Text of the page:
Management vs. Leadership: Knowing the Difference

In the realm of business, the titles of “Manager” and “Leader” are often used interchangeably. By definition, a manager is someone with authority who supervises others and makes decisions for a larger group. Given these responsibilities, he or she must also be a leader, right? According to Herb Kimble, CEO of Metis Apax, not necessarily. That is to say, leadership is not just about being in a position of power; rather, it’s a term that indicates how that power is used. When we look at leadership from a standpoint that emphasizes personal characteristics and innovative actions, it becomes easy to see why true leaders, and not just those with titles, remain essential to today’s successful businesses.

So just what makes someone a leader, rather than a manager?

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  • A leader is someone with initiative. Note that initiative is different than motivation. A senior manager may be motivated to meet deadlines, conduct regular performance reviews and provide a quality product or service, but a leader possesses more than just the drive to complete day-to-day tasks. He or she is also a visionary focused on improvement. A leader doesn’t just worry about the present, but thinks about the road ahead and the course of action required. Further, a leader actively initiates new methods or strategies to improve business practices, and never hesitates to take action when necessary.
  • Leaders also earn their influence in a company. A leader maintains influence beyond what managers typically yield, and it is this that is most valuable to a company. What do we mean? Leaders are those that employees want to listen to and support. A leader isn’t someone that was hired to specifically win the favor of other employees; instead, they earn the admiration and respect of their colleagues through their performance over time. Every company needs leaders who can inspire and unify its employees. Individuals garner this type of influence in many ways, including demonstrating their strong work ethic and their exceptional passion for the business, and by forging meaningful connections with those they work with.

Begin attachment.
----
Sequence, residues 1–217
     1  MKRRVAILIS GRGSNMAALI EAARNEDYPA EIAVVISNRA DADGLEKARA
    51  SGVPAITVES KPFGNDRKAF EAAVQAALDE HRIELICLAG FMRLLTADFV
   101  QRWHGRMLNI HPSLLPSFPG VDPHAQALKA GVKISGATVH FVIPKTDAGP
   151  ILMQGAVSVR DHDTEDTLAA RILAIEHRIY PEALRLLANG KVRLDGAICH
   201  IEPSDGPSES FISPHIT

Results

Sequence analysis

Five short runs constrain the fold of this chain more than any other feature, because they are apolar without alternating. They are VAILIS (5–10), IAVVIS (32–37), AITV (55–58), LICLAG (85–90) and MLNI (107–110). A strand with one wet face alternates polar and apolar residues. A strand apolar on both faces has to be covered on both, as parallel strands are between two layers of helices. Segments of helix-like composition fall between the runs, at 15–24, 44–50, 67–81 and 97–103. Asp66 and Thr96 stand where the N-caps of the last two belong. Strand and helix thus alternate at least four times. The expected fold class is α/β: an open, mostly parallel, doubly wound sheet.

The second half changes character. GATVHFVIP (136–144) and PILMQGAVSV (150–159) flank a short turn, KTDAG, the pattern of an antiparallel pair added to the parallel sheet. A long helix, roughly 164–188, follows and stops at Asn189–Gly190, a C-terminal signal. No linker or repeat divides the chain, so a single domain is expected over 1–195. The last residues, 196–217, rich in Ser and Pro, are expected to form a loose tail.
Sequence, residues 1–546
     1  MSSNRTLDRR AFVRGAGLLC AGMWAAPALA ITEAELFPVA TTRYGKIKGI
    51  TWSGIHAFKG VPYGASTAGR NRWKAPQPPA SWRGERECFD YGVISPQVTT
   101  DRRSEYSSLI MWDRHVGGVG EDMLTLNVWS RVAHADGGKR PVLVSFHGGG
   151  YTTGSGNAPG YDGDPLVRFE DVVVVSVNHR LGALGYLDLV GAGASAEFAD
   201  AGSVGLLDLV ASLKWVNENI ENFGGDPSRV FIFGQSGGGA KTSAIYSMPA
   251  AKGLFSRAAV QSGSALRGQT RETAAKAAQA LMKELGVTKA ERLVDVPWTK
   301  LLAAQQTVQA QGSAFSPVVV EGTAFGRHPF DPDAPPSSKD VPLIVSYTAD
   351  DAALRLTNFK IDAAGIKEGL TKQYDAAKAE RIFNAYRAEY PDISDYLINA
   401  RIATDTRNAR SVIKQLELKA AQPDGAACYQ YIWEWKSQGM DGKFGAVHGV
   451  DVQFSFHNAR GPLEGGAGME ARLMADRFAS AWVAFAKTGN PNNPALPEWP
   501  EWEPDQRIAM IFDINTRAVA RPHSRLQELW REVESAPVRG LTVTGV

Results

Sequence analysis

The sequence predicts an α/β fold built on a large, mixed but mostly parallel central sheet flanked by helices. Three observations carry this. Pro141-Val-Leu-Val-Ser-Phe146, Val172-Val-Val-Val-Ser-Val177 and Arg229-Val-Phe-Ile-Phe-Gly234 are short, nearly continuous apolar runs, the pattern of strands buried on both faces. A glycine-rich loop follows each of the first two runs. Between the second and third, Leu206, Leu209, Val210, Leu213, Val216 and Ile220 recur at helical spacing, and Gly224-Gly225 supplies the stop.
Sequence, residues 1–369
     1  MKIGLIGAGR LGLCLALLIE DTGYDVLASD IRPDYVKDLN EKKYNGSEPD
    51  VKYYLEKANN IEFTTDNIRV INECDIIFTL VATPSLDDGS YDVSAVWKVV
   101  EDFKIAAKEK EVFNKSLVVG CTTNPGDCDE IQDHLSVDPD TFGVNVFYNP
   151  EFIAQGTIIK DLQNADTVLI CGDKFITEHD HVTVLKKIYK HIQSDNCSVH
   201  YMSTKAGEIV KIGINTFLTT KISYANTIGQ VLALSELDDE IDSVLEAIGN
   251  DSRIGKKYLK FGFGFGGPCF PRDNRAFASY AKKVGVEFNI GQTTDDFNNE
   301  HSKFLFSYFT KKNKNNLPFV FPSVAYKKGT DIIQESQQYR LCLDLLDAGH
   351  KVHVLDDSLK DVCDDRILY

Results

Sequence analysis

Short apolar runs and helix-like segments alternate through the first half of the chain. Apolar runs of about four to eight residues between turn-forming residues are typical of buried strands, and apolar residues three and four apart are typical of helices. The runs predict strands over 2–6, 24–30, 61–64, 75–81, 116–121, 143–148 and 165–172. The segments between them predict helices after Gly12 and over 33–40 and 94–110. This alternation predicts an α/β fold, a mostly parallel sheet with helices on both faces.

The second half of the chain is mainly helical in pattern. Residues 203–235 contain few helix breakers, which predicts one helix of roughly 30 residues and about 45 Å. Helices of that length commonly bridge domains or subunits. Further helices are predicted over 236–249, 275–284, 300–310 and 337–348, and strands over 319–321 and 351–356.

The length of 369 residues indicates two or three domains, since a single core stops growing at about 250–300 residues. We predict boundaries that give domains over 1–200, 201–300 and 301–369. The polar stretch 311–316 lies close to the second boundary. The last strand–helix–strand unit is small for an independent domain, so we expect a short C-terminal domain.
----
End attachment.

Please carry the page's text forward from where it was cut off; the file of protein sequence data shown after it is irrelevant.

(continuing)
• Leaders take risks. A leader is someone in a position of power that understands the inherent value of making high-risk decisions at times. Why? While quality may be the key to sustainability, risk is the conduit for meaningful growth. Without leaders who are willing to wade into unchartered waters occasionally, whether it is by implementing a new customer service policy, changing branding, or investing money into marketing to a new audience, a company will likely never reach its true potential for growth.
  • Leaders are congenial, relatable, and humble. Leaders possess the ability to truly connect with their employees and coworkers, and are more concerned with serving the company than themselves. This is not to say that managers are selfish or unkind; rather, leaders more overtly demonstrate their ability to relate to others. When leaders do succeed, they also see their success as a victory for the company instead of for themselves. More specifically, leaders are motivated by outcomes, not the praise or recognition that accompanies them.

All in all, both leaders and managers are necessary for a company to continue to prosper; in fact, a room full of visionary leaders could be just as ineffective as a room full of task-oriented managers. The key is to operate a company that incorporates a mix of individuals in positions of power that possess both leadership and management skills.

The Disciplined Business Leader: A Profile

Discipline is an often overlooked attribute of successful business leaders, but according to Herb Kimble, it’s one of critical importance. From effective marketing campaigns, to internal communication to finance, every aspect of a successful business depends on structure and discipline from leadership at the top. It’s true. The best leaders in business exercise discipline on a daily basis, both individually and within their organization. Though thoughts of free-spirited, creative CEOs of Silicon Valley start-ups persuade us to believe that a company can run on genius alone, the reality is that each of these lauded leaders—the Steve Jobs, the Mark Zuckerburgs, the Biz Stones—are disciplined. If they weren’t, their businesses would flounder.

So what do effective, disciplined business leaders do?herb kimble pic

They Set Specific Goals and Meet Them.